FPA/New Narratives journalists were denied entry into LTTC’s headquarters in Wontoe Town.

Efforts to speak with company officials in Monrovia were also rebuffed.

Willie also accuses the Gbi CFMB of not being in favor of the people, unilaterally making major decisions on the company.

He says Zaryou has lost the confidence of the people to the agreement of the Chairman of the Gbi/Doru Development Association John Glaywea.

“James Zaryou is on the company’s side because sometimes they give him $1 or $2, so the citizens are working to take him from there as the CFMB chairman,” Glaywea alleges.

Zaryou declined an interview, demanding FPA/New Narratives journalists pay another visit to Gbi/Doru to get his side of the story. He was in Monrovia when reporters visited the remote community, some 12 hours on a motorcycle from Tappita.

Deficiencies and Missteps

Campaigners blame FDA for the issues with the Gbi and Doru agreements. They were among the first agreements singlehandedly done by the FDA that did not follow the law.  

As early as 2012, the FDA conceded over the errors in CFMAs.  Its board of directors, then chaired by former Minister of Agriculture Florence Chenoweth, imposed a moratorium on the issuance of new agreements.

Following continued campaigning by civil society, the FDA committed to enforce the moratorium in 2013. A new board of director chaired by Sister Mary Lauren Browne in April 2014—at the onset of the Ebola epidemic in Liberia—lifted the moratorium.

The new board mandated the FDA to within 90 days “cure all deficiencies and missteps” in the 10 troublesome agreements. 

“It was procedures in that case, what you’re having now is managerial issues,” Nayley says.

Jonathan Yiah of the Sustainable Development Institute disagrees, saying the errors made at the onset are a recipe for the confusion today, still uncorrected, “far-reaching” and “very costly”.

There are two different agreements, Yiah explains: one signed for 25 years with the company and another signed for 15 years with the FDA. 

“CMFAs should not have been signed as in the older agreement with the petition. It should be the Chairmen of the CFMBs of the two communities,” Yiah stresses, citing two different agreements regarding the same Gbi and Doru.

The FDA says it has done much to avert recurrence of missteps in the first CFMAs. About 128 communities from 13 counties have applied for community forest rights.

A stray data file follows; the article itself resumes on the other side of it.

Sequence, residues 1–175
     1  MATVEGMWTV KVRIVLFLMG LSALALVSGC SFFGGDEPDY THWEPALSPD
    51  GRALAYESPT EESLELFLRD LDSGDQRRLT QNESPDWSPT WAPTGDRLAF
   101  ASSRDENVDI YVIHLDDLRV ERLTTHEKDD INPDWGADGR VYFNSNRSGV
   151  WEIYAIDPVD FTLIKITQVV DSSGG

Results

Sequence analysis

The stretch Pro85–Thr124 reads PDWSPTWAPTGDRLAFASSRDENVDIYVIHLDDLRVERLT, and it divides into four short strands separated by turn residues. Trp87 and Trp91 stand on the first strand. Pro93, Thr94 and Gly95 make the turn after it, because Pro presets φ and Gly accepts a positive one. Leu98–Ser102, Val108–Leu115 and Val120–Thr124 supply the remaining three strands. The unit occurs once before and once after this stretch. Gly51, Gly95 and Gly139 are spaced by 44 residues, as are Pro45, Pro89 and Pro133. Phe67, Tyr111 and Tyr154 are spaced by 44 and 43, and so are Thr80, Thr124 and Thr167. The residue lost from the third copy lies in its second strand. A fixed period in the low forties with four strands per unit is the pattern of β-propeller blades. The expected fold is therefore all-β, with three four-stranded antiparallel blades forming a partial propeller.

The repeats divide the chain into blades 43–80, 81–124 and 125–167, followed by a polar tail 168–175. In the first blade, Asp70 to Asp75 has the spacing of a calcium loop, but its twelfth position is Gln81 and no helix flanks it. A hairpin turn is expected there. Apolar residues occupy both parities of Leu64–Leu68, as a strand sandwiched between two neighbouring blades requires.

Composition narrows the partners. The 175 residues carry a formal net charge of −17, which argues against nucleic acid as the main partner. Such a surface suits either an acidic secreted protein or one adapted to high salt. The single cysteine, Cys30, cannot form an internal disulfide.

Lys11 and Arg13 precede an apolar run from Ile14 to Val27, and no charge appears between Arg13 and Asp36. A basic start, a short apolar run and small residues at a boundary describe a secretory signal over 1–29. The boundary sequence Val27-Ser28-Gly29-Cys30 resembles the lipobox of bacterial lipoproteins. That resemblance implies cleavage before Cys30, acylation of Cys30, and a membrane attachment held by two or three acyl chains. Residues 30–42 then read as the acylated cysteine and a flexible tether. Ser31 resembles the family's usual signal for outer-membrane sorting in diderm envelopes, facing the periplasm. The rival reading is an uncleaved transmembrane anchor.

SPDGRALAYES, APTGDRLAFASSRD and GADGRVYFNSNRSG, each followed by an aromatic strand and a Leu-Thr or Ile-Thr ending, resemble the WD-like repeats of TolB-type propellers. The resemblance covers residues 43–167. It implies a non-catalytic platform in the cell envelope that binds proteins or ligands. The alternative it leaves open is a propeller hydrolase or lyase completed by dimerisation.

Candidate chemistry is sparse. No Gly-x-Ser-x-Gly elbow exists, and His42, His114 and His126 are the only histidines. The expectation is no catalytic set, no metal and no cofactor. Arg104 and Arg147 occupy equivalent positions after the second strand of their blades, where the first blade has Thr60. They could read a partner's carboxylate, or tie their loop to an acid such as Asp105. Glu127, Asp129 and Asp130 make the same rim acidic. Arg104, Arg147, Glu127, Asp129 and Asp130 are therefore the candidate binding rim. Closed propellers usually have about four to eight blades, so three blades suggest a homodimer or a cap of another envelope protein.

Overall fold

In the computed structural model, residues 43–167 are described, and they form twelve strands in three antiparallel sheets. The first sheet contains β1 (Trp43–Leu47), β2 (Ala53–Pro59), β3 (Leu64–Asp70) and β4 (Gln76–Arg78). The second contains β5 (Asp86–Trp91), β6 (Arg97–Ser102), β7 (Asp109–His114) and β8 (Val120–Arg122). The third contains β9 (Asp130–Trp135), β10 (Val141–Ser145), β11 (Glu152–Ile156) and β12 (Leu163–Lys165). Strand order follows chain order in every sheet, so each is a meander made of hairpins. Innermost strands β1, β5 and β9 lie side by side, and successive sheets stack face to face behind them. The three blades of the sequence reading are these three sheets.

More civil society organizations are assisting communities to understand their role, responsibility and rights. There is support from a Norwegian government grant meant to combat climate change.

“If you see the contracts that we are signing now, they will most likely not enter into confusion,” says Nyaley.

Global Witness, the international corruption watchdog group, says there are still loopholes that need be sealed. 

Pay our money

In November 2016 the FDA drew out a 45-day payment schedule.

In early 2017 the LTTC paid US$103,000 via the Liberia Revenue Authority (LRA). That was the company’s first attempt to pay the communities their land rental fee, only adding another twist to the seven-year stalemate.

The CRL mandates payments to the community through its CFMB.

This means 55 percent of half of the sum should have been paid to Gbi and Doru separately, and the remaining 45 percent of both halves paid into government coffers in accordance with the National Forestry Reform Law of 2006.

Nyaley admits that the procedure for payment was not followed, blaming SGS—the contractor that collects government’s forest-related revenue—for the error. She says the communities will get their share.  

In all, both Gbi and Doru have received just US$50,000 in cubic meter fees from LTTC, says the Chairman of Doru CFMB Sisco Gbortoe. Zaryou of Gbi also confirmed this in a May 18, 2017 letter to the CFMB Union in Monrovia.

The payment came from logs the company harvested in 2013 but was unable to export due to Ebola in 2014, the FDA says.

Zaryou in the letter to the Union expresses concern over how the company arrived at amount. Gbortoe says Doru, too, had an issue with that but could not reject the money.

“The people should pay our money and leave our forest because they are not able to live up to their promises,” Gbortoe emphasizes.

The first part of this series focused on the implications of the lack of secondary schools in the two communities. 

James Harding Giahyue

This story was produced by James Harding Giahyue and was written as part of a media skills development program run by the Thomson Reuters Foundation and New Narratives and funded by Australian Aid. The funder had no say in the story’s content.  This story is the last of a two-part series on Community Forest Management Agreements (CFMAs) in Gbi and Doru in Tappita, Nimba County